The Countdown to 2015 analysis shows that the wealthiest households had a better coverage across all the RMNCH interventions studied.The largest gaps (typically 30% to 50%) across the interventions were in South Asia and sub-Saharan Africa. Such inequities were seen along the continuum of care (see Knowledge Summary 2).

Evidence shows that some program interventions can have unintentional effects and increase inequities. In rural Bangladesh, for example, the gap in uptake between poor and rich widened after facility-based care was introduced. Although the facility-based care was free and more women started using it, fewer women from the poorest families attended.

Unfairness also manifests in other ways. Lack of respectful care in health facilities, particularly towards poor women, discourages them from using available care (see Knowledge Summary 7). In Kenya, for example, poor women also faced physical and verbal abuse from health workers in many public healthcare facilities, because they could not pay the fee.

It matters where women and children live

Women and children in rural and remote areas are the most underserved. For example, women in rural Ethiopia were less likely to receive skilled birth attendance than their urban counterparts. However, poor women in urban areas do not always have better access, underscoring the fact that poverty is one of the main drivers of inequity in access. In Indonesia, for example, caesarean rates were lowest among the poorest women in both rural and urban areas. A comparison of coverage across different terrains in Nepal showed that those living in the mountains were least served in terms of the eight RMNCH interventions.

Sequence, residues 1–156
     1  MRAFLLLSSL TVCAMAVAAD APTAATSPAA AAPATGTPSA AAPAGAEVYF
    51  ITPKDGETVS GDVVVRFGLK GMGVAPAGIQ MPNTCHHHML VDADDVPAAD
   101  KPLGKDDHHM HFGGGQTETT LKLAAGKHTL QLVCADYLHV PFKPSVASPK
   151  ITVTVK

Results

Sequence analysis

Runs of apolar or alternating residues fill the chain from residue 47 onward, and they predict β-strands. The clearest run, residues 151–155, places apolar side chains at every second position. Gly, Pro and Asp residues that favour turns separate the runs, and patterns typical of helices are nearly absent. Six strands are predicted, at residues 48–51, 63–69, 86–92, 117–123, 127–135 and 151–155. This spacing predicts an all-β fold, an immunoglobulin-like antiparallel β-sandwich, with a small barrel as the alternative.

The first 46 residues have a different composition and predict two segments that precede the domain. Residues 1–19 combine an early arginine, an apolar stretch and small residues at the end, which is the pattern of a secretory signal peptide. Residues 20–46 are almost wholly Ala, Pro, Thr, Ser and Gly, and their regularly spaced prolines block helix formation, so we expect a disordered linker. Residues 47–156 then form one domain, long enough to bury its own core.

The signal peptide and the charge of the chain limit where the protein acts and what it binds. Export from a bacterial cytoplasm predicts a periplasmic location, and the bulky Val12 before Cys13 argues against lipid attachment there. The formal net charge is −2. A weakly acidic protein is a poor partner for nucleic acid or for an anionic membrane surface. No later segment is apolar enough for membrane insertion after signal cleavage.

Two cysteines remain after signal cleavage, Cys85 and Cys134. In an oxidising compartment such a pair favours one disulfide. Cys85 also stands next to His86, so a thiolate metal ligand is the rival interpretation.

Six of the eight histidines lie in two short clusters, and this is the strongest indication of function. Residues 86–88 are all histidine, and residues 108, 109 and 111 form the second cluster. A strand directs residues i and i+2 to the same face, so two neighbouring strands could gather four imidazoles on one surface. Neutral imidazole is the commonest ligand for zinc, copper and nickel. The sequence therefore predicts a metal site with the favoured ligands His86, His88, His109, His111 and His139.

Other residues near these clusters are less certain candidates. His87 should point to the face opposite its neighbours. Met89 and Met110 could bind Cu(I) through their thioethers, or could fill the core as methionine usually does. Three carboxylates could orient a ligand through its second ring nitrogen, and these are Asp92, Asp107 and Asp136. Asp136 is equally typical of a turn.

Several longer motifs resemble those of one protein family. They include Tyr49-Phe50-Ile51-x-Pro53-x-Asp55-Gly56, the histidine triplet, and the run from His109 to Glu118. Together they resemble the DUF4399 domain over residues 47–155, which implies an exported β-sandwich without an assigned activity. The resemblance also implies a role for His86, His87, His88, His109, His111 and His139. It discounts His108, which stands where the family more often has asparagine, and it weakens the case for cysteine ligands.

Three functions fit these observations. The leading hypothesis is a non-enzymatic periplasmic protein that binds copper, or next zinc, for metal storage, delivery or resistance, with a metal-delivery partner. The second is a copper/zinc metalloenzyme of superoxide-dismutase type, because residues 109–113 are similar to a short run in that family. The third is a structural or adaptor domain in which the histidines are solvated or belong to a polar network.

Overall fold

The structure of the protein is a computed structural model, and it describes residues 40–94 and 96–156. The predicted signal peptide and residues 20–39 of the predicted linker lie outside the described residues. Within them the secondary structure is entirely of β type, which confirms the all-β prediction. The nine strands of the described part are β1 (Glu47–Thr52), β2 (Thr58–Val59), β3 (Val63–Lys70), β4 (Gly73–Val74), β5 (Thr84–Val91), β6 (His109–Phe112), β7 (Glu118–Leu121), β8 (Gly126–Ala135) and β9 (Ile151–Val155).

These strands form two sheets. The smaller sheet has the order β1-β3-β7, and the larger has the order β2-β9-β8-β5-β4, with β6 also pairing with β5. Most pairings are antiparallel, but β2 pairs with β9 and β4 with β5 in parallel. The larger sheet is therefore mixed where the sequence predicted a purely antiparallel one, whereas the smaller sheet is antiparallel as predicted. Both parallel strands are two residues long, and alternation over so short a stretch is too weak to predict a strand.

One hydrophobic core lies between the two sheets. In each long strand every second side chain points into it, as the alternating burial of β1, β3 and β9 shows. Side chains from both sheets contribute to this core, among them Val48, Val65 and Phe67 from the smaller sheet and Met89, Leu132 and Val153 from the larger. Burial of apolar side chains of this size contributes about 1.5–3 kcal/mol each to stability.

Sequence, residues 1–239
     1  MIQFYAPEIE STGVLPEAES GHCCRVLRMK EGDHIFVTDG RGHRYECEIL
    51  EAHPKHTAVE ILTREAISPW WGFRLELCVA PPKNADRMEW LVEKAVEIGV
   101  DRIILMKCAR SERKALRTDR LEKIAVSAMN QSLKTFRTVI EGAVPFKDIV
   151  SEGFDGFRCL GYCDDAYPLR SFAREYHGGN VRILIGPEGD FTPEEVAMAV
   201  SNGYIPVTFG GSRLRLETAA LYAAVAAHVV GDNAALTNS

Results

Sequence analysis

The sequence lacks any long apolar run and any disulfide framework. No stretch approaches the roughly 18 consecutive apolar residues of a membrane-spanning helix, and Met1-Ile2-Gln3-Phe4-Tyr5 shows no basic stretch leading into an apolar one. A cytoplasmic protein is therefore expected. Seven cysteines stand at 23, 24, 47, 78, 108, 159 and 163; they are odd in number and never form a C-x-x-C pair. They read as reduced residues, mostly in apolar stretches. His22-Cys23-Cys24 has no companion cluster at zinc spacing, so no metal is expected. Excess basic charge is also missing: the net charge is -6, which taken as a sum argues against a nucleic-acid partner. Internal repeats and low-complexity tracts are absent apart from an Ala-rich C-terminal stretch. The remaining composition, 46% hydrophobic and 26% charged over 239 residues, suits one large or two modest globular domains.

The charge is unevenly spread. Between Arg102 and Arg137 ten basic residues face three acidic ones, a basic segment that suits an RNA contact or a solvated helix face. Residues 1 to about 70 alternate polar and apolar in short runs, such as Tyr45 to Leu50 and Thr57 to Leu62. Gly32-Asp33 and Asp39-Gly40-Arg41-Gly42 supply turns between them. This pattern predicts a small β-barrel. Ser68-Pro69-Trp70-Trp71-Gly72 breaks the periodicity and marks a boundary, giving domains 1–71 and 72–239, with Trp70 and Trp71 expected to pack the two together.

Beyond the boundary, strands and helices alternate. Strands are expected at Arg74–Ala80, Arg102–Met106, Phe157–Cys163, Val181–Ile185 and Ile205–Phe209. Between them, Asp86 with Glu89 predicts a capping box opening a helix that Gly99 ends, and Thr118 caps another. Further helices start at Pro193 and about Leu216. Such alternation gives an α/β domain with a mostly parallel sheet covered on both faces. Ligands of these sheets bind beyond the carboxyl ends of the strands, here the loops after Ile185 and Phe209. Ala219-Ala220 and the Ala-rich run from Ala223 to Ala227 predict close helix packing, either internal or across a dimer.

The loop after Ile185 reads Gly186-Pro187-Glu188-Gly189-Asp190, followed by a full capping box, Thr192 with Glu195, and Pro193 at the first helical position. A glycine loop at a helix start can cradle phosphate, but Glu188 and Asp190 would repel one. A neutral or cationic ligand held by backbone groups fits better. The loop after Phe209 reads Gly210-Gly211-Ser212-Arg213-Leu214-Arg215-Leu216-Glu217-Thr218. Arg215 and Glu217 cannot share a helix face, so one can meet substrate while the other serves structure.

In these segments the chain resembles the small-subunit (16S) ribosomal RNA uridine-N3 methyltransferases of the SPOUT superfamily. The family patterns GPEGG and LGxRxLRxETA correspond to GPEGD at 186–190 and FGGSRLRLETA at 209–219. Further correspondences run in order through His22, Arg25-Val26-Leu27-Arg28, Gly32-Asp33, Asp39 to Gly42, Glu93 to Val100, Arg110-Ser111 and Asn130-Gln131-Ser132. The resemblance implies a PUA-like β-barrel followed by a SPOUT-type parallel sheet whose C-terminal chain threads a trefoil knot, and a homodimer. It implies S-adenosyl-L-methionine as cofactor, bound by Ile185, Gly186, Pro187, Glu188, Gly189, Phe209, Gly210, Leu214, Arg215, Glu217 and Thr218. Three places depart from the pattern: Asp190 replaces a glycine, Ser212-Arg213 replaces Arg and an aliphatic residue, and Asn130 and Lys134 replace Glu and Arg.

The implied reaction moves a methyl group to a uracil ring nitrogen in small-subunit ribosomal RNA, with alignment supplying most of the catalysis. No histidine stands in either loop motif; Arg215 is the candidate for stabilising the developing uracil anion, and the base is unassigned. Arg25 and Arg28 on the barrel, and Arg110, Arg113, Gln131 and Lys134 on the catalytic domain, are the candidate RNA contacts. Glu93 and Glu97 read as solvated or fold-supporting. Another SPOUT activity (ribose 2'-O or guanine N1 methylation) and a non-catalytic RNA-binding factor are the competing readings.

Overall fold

Women and children who are displaced by conflict, or live in conflict-affected areas, are at greater risk of ill-health and mortality. The reproductive health of women may suffer acutely with sexual violence, and the consequent risks of unsafe abortions or HIV infection.

Socio-cultural origins may weaken access to quality care

Women and children in particular communities, such as ethnic groups, castes or religions, may face greater health challenges. Often such groups are also poor, lack education, experience restrictive cultural practices, face racial discrimination and live in remote areas.12 Several Latin American ethnic groups – Mayan,Aymara, Quechua, Guarani – hold specific cultural beliefs about childbirth, which influence their use of services.